This second phase of funding builds on the demonstrable success of phase one, which made a significant contribution to reducing carbon emissions, and extends HEFCE's support for universities to radically change their approaches to energy use. £10 million will be made available over the two years 2011-12 and 2012-13 (Note 1).
There will be two strands of funding. Both will support projects which result in reductions in carbon emissions and costs, contribute to behaviour change and help establish a low-carbon culture:
- Strand 1 targets small-scale projects to improve energy efficiency and will aim to reach a broad range of institutions.
- Strand 2 will make up to £3 million available for exemplary retrofit projects. These flagship initiatives will inform research, promote skills development and market growth in the relevant technologies - they must also demonstrate potential to capture and disseminate learning that will be of benefit across the higher education sector.
The energy efficiency improvements resulting from the projects will enable universities to reimburse the fund through the savings achieved.
A thorough evaluation of phase one of the RGF (Note 2) found that projects had accelerated carbon reduction and led to savings of more than 2 per cent of emissions from English higher education institutions each year. The investment in phase one could result in an 8.6 per cent annual cut in the sector's emissions by 2020 (Note 3).
In response to the findings of the evaluation of phase one, there will be no requirement for match funding in phase two, with the aim of engaging a wider range of institutions thereby increasing the fund's reach and impact.
Steve Egan, HEFCE Deputy Chief Executive, said:
'The Revolving Green Fund is proving to be a really effective initiative. The savings recycled from the initial round of projects through improvements in energy efficiency will now feed into further financial and environmental benefits. Such investment is a fitting response in these times of financial constraint - it will help universities achieve financial savings and contribute to the country's commitment to reduce carbon emissions.'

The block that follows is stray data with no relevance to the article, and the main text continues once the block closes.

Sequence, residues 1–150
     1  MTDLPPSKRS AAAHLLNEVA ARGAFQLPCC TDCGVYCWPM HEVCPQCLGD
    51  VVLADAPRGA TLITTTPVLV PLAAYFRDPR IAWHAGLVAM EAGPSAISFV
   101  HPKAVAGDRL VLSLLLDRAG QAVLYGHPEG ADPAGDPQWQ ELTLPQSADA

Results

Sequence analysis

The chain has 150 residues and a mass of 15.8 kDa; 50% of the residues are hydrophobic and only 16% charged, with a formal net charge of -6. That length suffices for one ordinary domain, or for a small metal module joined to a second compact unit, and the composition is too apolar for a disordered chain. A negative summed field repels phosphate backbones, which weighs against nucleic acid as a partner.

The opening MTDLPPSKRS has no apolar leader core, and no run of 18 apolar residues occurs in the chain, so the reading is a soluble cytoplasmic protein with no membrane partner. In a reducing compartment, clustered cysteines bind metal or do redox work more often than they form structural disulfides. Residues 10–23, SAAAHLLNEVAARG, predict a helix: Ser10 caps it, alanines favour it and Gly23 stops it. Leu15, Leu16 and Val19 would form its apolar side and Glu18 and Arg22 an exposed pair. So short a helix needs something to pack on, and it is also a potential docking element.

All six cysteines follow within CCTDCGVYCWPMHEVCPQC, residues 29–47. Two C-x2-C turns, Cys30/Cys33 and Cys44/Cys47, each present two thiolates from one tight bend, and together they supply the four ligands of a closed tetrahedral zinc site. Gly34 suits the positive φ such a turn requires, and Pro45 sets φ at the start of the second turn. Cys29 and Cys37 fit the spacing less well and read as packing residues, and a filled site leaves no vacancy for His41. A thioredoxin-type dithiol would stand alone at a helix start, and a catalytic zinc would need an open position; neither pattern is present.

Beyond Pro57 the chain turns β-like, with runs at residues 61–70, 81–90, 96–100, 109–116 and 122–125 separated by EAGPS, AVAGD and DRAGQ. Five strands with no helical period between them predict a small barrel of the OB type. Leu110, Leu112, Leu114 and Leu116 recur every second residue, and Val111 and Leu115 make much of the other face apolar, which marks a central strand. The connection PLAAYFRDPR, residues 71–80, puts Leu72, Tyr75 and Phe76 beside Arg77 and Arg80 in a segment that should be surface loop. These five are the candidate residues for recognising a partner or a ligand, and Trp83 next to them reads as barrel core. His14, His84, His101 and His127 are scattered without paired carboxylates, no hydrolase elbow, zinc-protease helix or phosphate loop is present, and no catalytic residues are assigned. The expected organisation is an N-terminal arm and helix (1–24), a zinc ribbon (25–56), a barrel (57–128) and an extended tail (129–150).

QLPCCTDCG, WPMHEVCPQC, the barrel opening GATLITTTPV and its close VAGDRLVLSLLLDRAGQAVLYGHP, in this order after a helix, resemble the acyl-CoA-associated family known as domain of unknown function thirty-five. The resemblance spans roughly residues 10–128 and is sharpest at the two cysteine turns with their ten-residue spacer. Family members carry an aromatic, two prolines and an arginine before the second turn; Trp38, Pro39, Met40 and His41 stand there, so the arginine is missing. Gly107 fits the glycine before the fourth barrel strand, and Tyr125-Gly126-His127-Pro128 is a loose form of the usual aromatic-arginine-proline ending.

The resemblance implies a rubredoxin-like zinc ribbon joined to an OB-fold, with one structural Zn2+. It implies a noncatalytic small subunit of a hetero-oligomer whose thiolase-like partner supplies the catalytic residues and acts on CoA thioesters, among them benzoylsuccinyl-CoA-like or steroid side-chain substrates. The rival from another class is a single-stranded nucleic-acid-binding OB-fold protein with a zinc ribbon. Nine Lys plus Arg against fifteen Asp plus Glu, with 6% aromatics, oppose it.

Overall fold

- Full details are published in 'Revolving Green Fund - invitation to apply for a second phase of funding' (HEFCE Circular letter 16/2011).
- 'Evaluation of the Revolving Green Fund: a report to HEFCE by Oakleigh Consulting' (July 2010).
- The phase one evaluation found that: 'The fund is successfully working towards meeting its stated aims by providing a major mechanism for institutions to invest in this area, accelerating carbon reduction with current projects saving over 2% of English HEI carbon emissions every year. If the current level of success and trajectory of project implementation is sustained then the RGF will lead to significant further carbon and cost savings, potentially up to 8.6% of current English HEI carbon emissions every year by 2020.' ('Evaluation of the Revolving Green Fund: a report to HEFCE by Oakleigh Consulting', July 2010, p6-7). This figure is based on the assumption that the total institutional small projects funding of £25 million is reinvested in such projects three times between the time of the evaluation and 2020, and that all the projects achieve the same ratio of carbon savings to cost (in other words, the cost of saving each tonne of carbon dioxide over the lifetime of a project or piece of equipment).
- An overview of the Revolving Green Fund is available on this web-site.
- The Higher Education Funding Council for England (HEFCE) promotes and funds high-quality, cost-effective teaching and research to meet the diverse needs of students, the economy and society. Our responsibilities are to develop policies, distribute funds, safeguard quality and assure the proper stewardship of public money. We work closely with universities, colleges and other partners to achieve excellence and impact in education and research, and to provide opportunities for all those who have the ability to benefit from higher education. For the academic year 2011-12, HEFCE will distribute £6,507 million of public money to 130 universities and higher education colleges, and 124 directly funded further education colleges.